The sailing vessel is L’Hermione. Here’s the name matter as described by Xtian: “There is a fault in her name because of the English speakers who removed L’ as it means the but with the French navy for some ships the Le– La or L’ is really part of the name. The apostrophe does not really exist in English, and on AIS her name is Lhermione to be correctly alphabetically placed at L. Furthermore, the Association name is wrong as Hermione, and the mistake was discovered too late . A similar difference exists between the French La Fayette and the English Lafayette, which, given my last name (Van Dorp or Vandorp or van Dorp), I understand clearly . . .
Rick “old salt” did a post here about this some months back. I especially enjoyed the discussion in “comments” section.
On cold days, “picturing” warmer months helps stave off the cold . . for a while. But this post is about vessels with this name, one of which is a 1957 passenger vessel that has recently been chosen for some high-and-dry maintenance work. Actually it’s called Mayflower II, which I’ve alluded to once in this 2010 post. Rick at Old Salt blog recently did a post about Mayflower II in which he refers to the illustrious captain of the vessel on her maiden voyage from Europe to the sixth boro. Does anyone know whereabouts of photos of her in our fair harbor? of the ticker tape parade? But I digress.
The second photo here comes from Louise on tug Jaguar. Thanks for photos 1 and 3–7 to Benjamin Moll, pictured on Louise’s photo and whose “photos and musings” you may follow here. Photos 8 and 9 of Mayflower high and dry in Mystic should be credited to Norman Brouwer, whose most recent book is Steamboats on Long Island Sound, which I need to read soon. The last photo, which I took in the Savannah River, shows one of 23 other vessels–according to the USCG registry–named Mayflower.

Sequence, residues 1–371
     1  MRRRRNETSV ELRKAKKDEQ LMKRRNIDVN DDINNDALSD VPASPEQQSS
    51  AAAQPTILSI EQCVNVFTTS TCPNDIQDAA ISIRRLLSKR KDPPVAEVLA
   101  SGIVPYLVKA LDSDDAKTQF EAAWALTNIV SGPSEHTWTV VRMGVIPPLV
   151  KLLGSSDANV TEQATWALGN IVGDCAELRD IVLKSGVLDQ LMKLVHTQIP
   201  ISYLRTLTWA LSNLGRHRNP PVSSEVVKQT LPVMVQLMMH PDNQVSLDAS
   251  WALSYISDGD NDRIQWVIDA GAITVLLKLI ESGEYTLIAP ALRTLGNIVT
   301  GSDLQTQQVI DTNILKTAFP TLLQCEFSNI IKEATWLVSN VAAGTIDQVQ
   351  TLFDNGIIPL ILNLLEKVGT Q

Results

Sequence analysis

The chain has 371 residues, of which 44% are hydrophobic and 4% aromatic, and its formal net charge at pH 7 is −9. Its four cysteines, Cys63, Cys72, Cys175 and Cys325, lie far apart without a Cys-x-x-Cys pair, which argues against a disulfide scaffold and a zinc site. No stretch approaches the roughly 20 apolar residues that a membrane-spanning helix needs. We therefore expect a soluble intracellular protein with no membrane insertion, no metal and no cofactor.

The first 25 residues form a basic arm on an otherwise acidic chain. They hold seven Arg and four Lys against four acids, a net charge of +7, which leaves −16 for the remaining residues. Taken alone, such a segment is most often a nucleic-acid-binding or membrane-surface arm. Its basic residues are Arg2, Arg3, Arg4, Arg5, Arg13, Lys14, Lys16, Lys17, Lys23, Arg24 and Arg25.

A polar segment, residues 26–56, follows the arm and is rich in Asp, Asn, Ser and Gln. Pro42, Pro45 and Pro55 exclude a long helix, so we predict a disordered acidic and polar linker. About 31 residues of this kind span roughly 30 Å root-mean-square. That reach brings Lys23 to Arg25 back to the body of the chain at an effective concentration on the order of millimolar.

Enough frivolity. Be nice today and loving.
All these photos I took in Brooklyn locations in September 2009.
Brooklyn Navy yard. . . .
Some decades ago, I knew a schooner in Newburyport called Hearts Desire, but otherwise, there is a dearth of vessels with nomenclaturus valentinus. Why?
Although bowsprite put something different up, here’s my favorite one of her past V-day posts.
Left to right at the Narrows ahead of this front are Maersk Detroit, SSV Corwith Cramer, Oleander, and CMA CGM Utrillo.
SSV Corwith Cramer is a brigantine.
Also, racing in ahead of the storm was this unidentified sloop,
and Joan Turecamo with Nomadic Hjellestad.
And look at that rain.
All fotos this morning by Will Van Dorp.
Here’s the treat I’ll leave you with for a few days. The twin towers in the background should clearly state we aren’t in Kansas or 2013 anymore. Please comment on your speculations. Foto #1
This is from the converging waters just south of the Battery. Notice the towers to the right. Foto#2
Note the stripe on Coursen‘s bow. Foto #3
Note the I-beam structure to the right. Foto #4
Note the relative positions of the towers and the Manhattan-side Holland Tunnel vent. Foto #5
Again, thanks in advance for your comments and reminiscences.
Source will be credited soon.
Springtime . . . and motion gives a renewed sense of life to the watery boro. Emerald Sea‘s been around all winter, but she’s not moved loads like this. Diner? Prefab beach buildings for post-Sandy reconstruction? Many thanks to Ashley Hutto for this shot taken along Roxbury, Queens.
Schooner Virginia left Wednesday, headed for Virginia . . . by way of Portland, Maine.
Anyone know the manufacturer of the speedboat in the foreground? In the background is Zephyr, launched 10 years ago from the Austal Shipyard in Mobile, AL . . . and Wavertree, launched 128 years ago in Southampton, UK.
I could almost imagine this boat has a bowsprit.
Smaller workboats seem more commonplace this time of year like Henry Hudson,
this Oyster Bay government boat,
an OCC vessel,
and of course the ubiquitous all-weather sludge tanker North River, frequently mentioned on this blog.
Thanks to Ashley for the first foto, and I’d love to know what that structure on the Weeks barge is. All other fotos by Will Van Dorp, who feels the urge to go somewhere too.